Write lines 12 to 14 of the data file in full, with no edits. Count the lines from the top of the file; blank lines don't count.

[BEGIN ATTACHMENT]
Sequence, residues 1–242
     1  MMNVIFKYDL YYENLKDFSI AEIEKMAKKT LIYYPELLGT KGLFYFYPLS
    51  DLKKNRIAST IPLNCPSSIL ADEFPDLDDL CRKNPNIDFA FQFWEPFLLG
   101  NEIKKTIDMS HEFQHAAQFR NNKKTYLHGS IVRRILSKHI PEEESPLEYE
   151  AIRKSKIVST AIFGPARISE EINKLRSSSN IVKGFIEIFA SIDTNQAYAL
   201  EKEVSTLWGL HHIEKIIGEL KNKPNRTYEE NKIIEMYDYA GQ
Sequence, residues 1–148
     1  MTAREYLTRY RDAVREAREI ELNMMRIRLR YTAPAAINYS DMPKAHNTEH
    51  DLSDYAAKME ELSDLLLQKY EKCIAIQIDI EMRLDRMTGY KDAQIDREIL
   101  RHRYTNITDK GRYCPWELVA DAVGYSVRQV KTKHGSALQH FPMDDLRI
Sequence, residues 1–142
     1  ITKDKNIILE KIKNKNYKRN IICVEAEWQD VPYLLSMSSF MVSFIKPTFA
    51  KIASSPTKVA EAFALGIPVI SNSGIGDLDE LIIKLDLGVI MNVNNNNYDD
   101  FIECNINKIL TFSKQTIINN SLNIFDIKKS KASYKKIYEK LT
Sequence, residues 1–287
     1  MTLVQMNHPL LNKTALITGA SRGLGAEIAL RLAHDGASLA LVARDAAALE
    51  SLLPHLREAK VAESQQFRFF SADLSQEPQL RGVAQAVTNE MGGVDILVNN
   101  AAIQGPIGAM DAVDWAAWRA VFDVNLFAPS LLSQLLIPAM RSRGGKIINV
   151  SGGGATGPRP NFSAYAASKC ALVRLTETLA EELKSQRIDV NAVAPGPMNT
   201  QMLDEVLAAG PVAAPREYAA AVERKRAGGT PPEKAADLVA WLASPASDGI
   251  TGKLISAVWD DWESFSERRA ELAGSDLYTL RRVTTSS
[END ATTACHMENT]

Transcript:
     1  ITKDKNIILE KIKNKNYKRN IICVEAEWQD VPYLLSMSSF MVSFIKPTFA
    51  KIASSPTKVA EAFALGIPVI SNSGIGDLDE LIIKLDLGVI MNVNNNNYDD
   101  FIECNINKIL TFSKQTIINN SLNIFDIKKS KASYKKIYEK LT